Committee Puts $240k Behind Moderate Republicans in Legislative Primaries

Spending points to key districts for this year’s iteration of the long-running tussle between the hardline and comparatively moderate wings of Montana’s Republican party

By Arren Kimbel-Sannit and Eric Dietrich, Montana Free Press
Campaign signage for Tony Brockman in Kalispell on April 16, 2024. Hunter D’Antuono | Flathead Beacon

A political action committee with a mix of national and state money has spent hundreds of thousands of dollars on mailers intended to sway voters in a series of bitterly contested Republican legislative primary elections that reveal the fissures in Montana’s dominant political party. 

As of this week, the PAC, Conservatives4MT, has spent roughly $240,000 in more than two dozen contested GOP primary races for state House and Senate. The primary election is next Tuesday, June 4. 

The group is at least tangentially affiliated with the group of state lawmakers called the Solutions Caucus, a loose coalition of Republicans known for working with Democrats — and against hardliners in their own party — on big-ticket legislation, especially in the areas of health care and fiscal policy. Several of the candidates that the PAC is supporting are guiding forces within the caucus, and the PAC’s treasurer is avowed Solutions Caucus member Rep. Ross Fitzgerald, R-Fairfield.

In 2019, at the peak of its power, the Solutions Caucus worked with then-Gov. Steve Bullock, a Democrat, to renew Montana’s expanded Medicaid program, despite the opposition of Republican legislative leadership. 

But in the years since, Republicans have seized the governor’s office and expanded their legislative margins, reducing some of the negotiating leverage enjoyed by the Solutions Caucus. Meanwhile, several Solutions Caucus-style Republicans have lost primary elections to hardliners or opted not to run for re-election. And in 2023, a group of ultra-right lawmakers launched the Montana Freedom Caucus, a sort-of foil to the Solutions group and its alleged lack of true conservative bona fides. 

In an interview this week, Fitzgerald framed the PAC’s work as “counter-insurgency,” an organized effort to shore up the primary election chances “of some of our more logical folks.”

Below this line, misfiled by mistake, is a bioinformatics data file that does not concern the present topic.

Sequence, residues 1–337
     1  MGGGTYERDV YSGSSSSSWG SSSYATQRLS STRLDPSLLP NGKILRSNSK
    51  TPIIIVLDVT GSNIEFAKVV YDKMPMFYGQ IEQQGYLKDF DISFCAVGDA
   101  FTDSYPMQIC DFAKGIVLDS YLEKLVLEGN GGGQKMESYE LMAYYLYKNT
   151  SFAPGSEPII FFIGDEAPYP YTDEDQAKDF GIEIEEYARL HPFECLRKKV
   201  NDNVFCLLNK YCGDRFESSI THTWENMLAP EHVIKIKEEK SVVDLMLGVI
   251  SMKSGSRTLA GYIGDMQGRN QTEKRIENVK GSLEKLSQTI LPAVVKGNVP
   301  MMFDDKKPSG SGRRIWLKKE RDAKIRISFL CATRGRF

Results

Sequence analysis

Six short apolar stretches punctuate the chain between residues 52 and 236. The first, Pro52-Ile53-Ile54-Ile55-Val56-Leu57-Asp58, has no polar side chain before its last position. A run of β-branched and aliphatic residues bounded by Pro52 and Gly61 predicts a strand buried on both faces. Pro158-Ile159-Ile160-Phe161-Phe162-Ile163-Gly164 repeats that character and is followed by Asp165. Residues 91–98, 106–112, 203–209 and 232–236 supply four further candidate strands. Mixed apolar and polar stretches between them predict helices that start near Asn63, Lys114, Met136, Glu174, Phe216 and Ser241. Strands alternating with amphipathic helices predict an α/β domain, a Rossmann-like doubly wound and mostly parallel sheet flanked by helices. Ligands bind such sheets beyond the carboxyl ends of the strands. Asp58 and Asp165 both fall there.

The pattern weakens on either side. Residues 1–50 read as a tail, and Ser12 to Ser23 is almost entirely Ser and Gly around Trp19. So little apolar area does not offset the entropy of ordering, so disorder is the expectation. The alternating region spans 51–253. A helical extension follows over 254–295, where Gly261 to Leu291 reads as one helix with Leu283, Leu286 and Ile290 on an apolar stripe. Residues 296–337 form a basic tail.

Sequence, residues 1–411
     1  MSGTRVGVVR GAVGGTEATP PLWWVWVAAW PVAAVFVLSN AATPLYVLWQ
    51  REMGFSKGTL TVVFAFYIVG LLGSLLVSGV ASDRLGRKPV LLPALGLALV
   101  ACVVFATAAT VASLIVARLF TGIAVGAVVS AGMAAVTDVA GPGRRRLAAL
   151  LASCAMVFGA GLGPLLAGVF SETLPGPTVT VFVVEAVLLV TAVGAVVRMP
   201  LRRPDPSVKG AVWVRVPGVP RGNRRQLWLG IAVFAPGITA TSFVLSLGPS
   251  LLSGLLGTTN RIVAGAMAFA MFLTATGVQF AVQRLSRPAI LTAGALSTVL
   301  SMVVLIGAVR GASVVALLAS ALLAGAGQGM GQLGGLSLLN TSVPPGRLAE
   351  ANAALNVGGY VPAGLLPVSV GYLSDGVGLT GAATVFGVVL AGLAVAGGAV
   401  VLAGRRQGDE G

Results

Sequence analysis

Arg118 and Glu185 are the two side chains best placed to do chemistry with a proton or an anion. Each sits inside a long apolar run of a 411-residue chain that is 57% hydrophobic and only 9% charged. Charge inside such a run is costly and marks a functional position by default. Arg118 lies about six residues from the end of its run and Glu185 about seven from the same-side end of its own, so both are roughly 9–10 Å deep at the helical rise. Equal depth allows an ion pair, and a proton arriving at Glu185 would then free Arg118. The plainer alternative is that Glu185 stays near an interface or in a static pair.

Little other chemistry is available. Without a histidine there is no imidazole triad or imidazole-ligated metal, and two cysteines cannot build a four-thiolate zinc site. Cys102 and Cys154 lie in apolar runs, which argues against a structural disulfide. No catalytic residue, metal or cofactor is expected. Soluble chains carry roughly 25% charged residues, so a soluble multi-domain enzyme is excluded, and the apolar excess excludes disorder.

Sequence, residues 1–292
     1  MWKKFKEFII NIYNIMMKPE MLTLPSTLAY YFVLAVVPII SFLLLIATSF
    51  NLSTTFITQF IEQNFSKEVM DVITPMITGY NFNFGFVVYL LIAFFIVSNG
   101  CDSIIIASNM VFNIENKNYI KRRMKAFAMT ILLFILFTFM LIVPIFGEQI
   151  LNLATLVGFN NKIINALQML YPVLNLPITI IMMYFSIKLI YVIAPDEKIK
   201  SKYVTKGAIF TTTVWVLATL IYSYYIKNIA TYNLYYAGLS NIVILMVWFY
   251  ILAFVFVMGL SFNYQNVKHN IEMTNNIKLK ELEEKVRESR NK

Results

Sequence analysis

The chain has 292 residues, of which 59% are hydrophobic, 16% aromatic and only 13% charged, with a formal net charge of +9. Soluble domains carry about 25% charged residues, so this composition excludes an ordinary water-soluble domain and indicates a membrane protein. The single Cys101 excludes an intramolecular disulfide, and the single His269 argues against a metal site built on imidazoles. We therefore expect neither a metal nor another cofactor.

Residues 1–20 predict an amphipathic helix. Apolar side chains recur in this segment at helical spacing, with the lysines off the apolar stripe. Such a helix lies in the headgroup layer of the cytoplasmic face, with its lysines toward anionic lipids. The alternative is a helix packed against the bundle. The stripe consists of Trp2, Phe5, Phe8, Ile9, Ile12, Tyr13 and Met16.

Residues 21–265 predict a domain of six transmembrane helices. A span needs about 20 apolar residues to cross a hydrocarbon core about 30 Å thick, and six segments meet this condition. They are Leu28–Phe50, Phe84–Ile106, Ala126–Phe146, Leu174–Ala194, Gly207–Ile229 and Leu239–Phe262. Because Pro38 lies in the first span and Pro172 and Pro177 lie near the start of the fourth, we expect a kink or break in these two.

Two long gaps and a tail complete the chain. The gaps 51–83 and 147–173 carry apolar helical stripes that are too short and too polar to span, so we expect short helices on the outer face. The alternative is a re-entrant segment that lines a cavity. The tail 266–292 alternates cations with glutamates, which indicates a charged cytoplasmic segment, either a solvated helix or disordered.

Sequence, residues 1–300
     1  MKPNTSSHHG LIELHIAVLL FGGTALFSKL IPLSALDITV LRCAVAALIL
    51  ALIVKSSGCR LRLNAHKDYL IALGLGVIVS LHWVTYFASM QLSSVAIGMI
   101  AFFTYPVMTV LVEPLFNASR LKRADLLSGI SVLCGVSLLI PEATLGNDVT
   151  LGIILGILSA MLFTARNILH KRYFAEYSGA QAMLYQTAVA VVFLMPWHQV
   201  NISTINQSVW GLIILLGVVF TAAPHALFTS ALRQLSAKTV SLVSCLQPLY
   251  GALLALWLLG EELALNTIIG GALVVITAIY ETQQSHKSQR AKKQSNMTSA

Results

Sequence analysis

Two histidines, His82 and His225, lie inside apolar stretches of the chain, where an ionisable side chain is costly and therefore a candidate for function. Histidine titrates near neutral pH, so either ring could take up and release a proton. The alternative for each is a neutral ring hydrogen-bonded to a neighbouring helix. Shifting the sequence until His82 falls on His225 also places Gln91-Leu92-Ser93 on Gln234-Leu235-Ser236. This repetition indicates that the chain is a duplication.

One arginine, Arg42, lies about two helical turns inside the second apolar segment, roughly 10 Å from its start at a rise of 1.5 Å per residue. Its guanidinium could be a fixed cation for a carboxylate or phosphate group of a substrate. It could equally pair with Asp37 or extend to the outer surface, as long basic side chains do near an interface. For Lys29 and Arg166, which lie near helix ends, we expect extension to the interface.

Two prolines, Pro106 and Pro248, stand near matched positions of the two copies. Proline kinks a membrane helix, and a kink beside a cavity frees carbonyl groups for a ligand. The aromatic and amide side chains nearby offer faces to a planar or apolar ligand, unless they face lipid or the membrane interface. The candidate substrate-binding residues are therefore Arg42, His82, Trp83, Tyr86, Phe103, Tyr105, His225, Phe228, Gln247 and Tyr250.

“You got a bell curve in there, you’ve got the far rights and the far lefts and neither one makes any sense,” Fitzgerald said. 

The PAC is an independent expenditure group, meaning that while it legally cannot give directly to or coordinate with candidates, it can spend unlimited amounts on materials supporting or opposing a candidate. 

Its list of expenditures offers a handy roadmap to a major factional divide in the infamously fractious Montana GOP. Candidates supported by the PAC include Conrad Rep. Llew Jones, often considered the leader of the Solutions Caucus, and Great Falls Rep. Ed Buttrey, who sponsored Medicaid expansion renewal legislation in 2019. Its targets, on the other hand, include outgoing House Speaker Matt Regier, R-Kalispell, and Freedom Caucus chair Sen. Theresa Manzella, R-Hamilton, who faces a primary challenge from state House Rep. Wayne Rusk, R-Corvallis. Indeed, many of the primaries the PAC is spending money in are in Ravalli County, the venue for some of the fiercest intra-party conflicts in the Montana GOP

The PAC has received the majority of its funding from a few sources, mostly out of state. In April, Guarantee PAC, a committee entirely funded by billionaire philanthropist John Arnold and his wife, Laura, donated $80,000 to Conservatives4MT. Arnold, a former Enron executive, has also supported several progressive criminal justice and pharmaceutical drug pricing efforts. (Arnold Ventures is also a major donor to Montana Free Press). 

Later that month, the PAC received $75,000 from the Unite America PAC, “a philanthropic venture fund that invests in nonpartisan election reform to foster a more representative and functional government,” according to its website.